Archive for the ‘Fathers and Sons’ category

“Moving Day” has found a home!

October 10, 2017

My One-Match Fire story “Moving Day” has been accepted by THEMA Literary Journal and will appear in the Summer 2018 issue next June.

I had submitted the story last June (by snail mail!) and had nearly forgotten that I did. I responded to a themed call for submissions — the theme being “The Face in the Photo” — and sent this story since a photo plays a critical role in it and in the plot of the novel, actually directing the course of one character’s life in part. You can read about my submission in this old post.

So I have a small, one-page contract to sign and return and I’ll get one copy of the printed journal (next June) as well as actual payment of $25! Aside from the 15 cents I got for one story (a Buffalo nickel and a Liberty dime), this is the first time I’ve ever been paid for my fiction. (Actually, not quite true. I was promised $10 for a story years ago, but the check never arrived.)

This is the seventh One-Match Fire story to see publication — that’s one-third of the whole novel — and my twenty-fifth story published.

I had been reviewing my various outstanding submissions in the tracking function at Duotrope’s Digest that very morning and was sad when I learned that I had not seen a single thing published this year (which didn’t make sense since I’ve had two stories published this year). In fact, the day THEMA’s acceptance letter came (via the postal mail, by the way, in my return-addressed envelope), I had received two email rejections for different stories I had submitted elsewhere. I was feeling dejected, but not so much anymore.

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the state of things (or of one thing in particular)

October 9, 2017

Above is all that remains of that notebook from my grad school days that I burned in the fire ring at Roundrock. I wrote about it in this recent post.

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I devoted a lot of time over the weekend (betwixt watching Emmett and also driving the course of the half marathon I have in less than two weeks) to “finalizing” One-Match Fire. I’ve been tinkering with the stories, trying to focus and enhance them based on the understanding of the characters and the plots as they’ve developed over time. Now that I know this about a character or that is going to happen, I find places in the stories to develop or set the stage for these things. Nearly every story received a dozen or so new words, some a lot more, and I’ve written an entire new story (“Special-blest”) that includes a flashback that helps fill in some of the early years of one character. I’m now up to 68,237 words for the whole novel, not counting chapter titles, of course. This is about a 5,000 word increase since the last count, and most of it is due to the new story. Still, I feel more confident that it is novel length and that I can pitch it as such.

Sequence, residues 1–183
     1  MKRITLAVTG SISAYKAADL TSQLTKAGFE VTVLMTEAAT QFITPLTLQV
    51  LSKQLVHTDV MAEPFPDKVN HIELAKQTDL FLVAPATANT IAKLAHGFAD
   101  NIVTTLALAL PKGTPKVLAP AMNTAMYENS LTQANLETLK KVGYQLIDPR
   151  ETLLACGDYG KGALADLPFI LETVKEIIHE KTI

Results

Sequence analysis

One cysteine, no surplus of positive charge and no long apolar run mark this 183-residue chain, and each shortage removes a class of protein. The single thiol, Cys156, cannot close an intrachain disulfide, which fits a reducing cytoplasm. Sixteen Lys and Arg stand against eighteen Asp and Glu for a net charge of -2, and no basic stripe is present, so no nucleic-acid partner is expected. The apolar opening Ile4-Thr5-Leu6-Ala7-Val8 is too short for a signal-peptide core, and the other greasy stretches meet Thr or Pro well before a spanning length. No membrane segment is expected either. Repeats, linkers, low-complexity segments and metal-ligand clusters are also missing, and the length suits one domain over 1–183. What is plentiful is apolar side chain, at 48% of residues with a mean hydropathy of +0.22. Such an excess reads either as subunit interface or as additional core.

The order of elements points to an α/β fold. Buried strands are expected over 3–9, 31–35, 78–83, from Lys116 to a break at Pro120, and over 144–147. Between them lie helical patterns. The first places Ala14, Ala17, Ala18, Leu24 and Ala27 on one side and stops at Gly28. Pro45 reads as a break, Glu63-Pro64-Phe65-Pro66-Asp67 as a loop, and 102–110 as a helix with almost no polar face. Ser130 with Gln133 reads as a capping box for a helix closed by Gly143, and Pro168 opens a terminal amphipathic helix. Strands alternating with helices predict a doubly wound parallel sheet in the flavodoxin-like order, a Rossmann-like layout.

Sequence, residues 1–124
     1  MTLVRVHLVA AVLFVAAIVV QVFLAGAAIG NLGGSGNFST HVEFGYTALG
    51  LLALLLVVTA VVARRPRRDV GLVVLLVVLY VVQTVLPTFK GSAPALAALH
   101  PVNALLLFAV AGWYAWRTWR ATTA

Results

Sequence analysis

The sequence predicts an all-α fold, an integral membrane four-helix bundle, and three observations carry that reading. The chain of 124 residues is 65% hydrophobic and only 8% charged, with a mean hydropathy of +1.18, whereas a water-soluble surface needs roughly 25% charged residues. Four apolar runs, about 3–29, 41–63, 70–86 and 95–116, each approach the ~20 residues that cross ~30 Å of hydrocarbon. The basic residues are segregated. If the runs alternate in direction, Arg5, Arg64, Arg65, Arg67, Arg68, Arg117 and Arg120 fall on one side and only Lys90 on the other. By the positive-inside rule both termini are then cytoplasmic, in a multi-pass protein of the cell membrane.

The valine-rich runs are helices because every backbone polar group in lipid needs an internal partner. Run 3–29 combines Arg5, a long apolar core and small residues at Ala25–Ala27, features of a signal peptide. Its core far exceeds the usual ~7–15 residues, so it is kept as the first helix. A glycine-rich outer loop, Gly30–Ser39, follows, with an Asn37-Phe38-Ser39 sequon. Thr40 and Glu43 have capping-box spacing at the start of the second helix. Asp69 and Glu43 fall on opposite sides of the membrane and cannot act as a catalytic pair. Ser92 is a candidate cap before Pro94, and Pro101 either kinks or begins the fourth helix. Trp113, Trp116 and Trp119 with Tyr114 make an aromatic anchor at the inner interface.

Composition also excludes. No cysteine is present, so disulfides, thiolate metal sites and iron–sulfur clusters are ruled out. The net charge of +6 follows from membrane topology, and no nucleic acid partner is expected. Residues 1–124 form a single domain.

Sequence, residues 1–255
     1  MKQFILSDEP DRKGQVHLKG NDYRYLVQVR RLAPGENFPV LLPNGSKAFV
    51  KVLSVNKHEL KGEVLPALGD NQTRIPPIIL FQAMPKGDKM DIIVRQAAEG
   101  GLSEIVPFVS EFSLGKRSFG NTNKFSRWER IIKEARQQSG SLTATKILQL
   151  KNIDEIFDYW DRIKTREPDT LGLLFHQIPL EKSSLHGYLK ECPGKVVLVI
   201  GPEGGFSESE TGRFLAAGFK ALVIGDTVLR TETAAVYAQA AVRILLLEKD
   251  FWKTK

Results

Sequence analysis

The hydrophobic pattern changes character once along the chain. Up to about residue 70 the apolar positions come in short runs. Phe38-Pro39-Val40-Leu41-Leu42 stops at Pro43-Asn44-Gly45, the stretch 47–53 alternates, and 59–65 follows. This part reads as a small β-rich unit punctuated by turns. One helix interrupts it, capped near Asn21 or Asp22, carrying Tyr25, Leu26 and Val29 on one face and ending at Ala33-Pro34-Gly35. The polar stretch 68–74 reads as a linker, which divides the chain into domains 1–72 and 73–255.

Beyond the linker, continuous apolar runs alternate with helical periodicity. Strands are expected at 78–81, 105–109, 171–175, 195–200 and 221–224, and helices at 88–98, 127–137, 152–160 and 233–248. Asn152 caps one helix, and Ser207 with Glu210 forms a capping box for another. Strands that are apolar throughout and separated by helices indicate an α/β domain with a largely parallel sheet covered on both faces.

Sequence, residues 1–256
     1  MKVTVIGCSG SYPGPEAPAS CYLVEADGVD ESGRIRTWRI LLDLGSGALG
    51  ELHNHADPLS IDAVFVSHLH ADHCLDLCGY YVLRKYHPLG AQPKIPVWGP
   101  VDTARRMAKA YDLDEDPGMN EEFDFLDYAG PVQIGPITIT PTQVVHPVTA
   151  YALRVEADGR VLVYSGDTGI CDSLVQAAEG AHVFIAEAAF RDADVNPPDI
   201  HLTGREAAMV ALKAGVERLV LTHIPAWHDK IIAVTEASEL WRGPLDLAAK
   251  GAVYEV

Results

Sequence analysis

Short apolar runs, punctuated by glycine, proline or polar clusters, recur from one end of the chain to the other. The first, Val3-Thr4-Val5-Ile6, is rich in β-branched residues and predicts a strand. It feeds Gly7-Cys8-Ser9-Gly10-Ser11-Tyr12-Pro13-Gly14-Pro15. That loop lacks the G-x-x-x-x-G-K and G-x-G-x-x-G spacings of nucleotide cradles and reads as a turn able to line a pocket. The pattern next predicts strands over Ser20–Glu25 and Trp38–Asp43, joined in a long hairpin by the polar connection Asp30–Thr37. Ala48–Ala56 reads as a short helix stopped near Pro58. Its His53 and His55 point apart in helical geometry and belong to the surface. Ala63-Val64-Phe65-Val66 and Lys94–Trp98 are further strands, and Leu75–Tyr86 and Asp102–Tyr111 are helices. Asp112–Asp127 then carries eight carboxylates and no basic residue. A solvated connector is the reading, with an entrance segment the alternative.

I have some thoughts still to come from a trusted reader, and that may affect (will, likely) how that new story evolves as well as a “guy thing” that I wanted to bring into the stories somewhere that I think is important for understanding part of the dynamic between one of the fathers and his son.

And then? A comprehensive read through to get the tone more consistent; the early stories are lighter, the later stories more serious. And I’ll look for any opportunities to flesh out characters or story based on what I know now that I didn’t know then. And now that I have the narrator clear in my head, I want to capture that person’s voice more consistently throughout.

And then? The terrifying work of sending it to agents? I must get myself to that point. I can’t fool around with this novel any longer. I have other ideas waiting in the wings of my poor brain.

grandparenting is hard work

September 18, 2017

In its own way, of course, with a different set of benefits.